Soon Tajuro visited Bunyemon Iburi and suggested that he should apprentice Izo as a carpenter. Although his parents initially refused, with Tajuro’s earnest persuasion, Izo formally began his training at the ripe age of 14. However, because Tajuro was actually a miller by trade and only worked as a carpenter on the side, Izo’s opportunity to develop his skills was limited. A few years later, Izo became an independent, full-fledged carpenter. However, there was little work in the remote village where he lived. Unable to make a living, he decided to leave his home in Mukoji.

Izo left for Ichinomoto, now a suburb of Tenri City, at the age of 22 to work for master carpenter Isaburo Yamashita, who was married to his cousin Tami Kohiro. Mr. Yamashita, unlike the miller Tajuro, must have been a master carpenter, for Izo honed his skills under his tutelage and became a master craftsman himself, establishing a reputation as a sincere and industrious worker. His work not only took him around Ichinomoto but as far as Nara and Koriyama, and he soon gained one or two apprentices of his own. On top of building homes, he often made useful household items such as footstools and chopping boards, which his customers greatly appreciated.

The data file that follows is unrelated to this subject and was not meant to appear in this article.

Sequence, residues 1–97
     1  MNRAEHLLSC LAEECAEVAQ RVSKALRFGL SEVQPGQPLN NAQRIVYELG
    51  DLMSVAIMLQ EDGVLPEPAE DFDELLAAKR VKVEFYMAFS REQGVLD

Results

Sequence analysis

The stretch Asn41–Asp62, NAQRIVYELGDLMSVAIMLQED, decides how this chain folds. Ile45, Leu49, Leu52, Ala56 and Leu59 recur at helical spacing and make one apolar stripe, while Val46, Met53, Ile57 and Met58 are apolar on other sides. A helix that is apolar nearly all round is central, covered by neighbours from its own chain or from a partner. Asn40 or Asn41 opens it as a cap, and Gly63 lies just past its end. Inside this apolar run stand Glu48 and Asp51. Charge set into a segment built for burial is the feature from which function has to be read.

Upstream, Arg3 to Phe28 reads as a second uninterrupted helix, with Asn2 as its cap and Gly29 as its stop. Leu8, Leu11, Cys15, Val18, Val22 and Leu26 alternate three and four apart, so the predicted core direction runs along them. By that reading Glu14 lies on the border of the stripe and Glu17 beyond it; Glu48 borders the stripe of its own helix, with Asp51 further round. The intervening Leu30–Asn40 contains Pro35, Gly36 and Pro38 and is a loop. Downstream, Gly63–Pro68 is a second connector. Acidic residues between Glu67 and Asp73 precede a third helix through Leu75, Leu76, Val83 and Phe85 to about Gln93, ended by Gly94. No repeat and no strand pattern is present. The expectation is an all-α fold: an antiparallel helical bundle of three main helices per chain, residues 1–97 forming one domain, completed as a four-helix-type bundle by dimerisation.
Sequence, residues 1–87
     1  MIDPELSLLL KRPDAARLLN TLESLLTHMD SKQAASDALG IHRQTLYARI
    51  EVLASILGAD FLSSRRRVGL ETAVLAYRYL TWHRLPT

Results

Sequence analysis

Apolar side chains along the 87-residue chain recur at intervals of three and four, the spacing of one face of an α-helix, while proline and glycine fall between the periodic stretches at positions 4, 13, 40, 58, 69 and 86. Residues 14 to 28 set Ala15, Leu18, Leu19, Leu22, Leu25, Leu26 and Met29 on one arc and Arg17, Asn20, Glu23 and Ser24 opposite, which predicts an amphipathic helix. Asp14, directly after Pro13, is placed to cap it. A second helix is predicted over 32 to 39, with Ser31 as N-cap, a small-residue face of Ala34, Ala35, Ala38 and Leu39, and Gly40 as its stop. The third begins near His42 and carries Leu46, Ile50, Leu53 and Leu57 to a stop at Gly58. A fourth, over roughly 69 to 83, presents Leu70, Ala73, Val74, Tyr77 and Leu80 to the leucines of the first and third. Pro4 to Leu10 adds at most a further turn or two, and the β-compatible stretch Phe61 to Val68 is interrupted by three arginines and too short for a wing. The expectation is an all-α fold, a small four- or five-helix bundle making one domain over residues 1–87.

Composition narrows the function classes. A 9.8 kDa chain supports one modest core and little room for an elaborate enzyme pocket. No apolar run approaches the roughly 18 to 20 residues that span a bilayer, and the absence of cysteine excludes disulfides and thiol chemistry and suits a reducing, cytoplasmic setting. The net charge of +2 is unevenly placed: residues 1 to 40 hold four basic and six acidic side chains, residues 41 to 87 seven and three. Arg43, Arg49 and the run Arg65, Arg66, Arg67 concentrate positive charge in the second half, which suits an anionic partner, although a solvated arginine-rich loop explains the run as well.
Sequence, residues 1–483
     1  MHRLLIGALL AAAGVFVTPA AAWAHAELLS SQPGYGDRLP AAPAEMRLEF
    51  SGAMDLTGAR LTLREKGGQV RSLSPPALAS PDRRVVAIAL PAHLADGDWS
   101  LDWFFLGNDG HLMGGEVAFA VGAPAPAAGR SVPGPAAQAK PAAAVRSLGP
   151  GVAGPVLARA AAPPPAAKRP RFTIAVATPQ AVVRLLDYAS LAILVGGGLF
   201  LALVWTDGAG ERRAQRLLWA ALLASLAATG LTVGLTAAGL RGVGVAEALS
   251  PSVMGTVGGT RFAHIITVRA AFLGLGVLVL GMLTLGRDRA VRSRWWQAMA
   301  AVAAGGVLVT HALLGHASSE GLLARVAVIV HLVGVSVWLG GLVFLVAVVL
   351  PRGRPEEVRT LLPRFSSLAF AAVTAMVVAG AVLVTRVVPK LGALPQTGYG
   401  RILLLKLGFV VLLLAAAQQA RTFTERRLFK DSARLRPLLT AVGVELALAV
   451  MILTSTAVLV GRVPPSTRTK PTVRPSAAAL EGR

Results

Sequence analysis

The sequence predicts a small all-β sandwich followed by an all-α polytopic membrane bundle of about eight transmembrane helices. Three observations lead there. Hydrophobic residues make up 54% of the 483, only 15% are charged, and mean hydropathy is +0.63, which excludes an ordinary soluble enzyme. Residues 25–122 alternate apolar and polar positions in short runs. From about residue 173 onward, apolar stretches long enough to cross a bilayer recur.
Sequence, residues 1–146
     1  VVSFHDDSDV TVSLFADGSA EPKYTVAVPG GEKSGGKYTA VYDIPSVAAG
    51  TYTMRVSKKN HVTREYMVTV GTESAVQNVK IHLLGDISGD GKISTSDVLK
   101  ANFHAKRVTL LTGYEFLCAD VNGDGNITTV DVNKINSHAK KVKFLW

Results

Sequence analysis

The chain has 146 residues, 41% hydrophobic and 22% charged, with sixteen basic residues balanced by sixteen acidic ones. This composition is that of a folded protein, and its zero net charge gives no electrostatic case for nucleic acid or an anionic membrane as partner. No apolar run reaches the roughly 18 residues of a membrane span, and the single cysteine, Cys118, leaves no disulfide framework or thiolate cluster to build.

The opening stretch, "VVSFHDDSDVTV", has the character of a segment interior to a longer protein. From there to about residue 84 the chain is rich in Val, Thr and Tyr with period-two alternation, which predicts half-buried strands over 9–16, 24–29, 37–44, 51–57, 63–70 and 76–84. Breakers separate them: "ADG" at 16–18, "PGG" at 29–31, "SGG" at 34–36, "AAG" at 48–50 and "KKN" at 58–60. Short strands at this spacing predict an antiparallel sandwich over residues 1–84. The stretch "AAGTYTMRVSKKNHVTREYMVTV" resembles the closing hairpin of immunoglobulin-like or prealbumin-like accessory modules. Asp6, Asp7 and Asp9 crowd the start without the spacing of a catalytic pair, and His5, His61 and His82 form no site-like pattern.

Izo’s three marriages

Izo married three times in his life. After marrying his first wife, Natsu Kawabata, in 1856 at the age of 24, Izo moved into a house that was located near where the JR Ichinomoto train station presently stands. Unfortunately, however, Natsu passed away after giving birth and their child also passed away before reaching age two.

Izo next married a cousin of his late wife, Narae Takeda, in 1858. But because she was still young and immature (they married when she was still 15), she never helped with the housework.

One day, when Izo came home from work, he found Narae sleeping in her futon. Worried that she was sick, he asked her what was wrong. When she answered that she was only resting, Izo was greatly relieved, saying, “Thank goodness, thank goodness.”

According to Rev. Eizo Ueda (the late third head minister of Chuwa Grand Church; 1894–1958): “A typical husband who finds his healthy wife snoozing each day away would probably get upset and kick at her to get her up. Perhaps because Izo’s personality was so different from a typical person, he was able to gain the merit he received to become the Honseki although his causality in his early life could in no way be called favorable.”1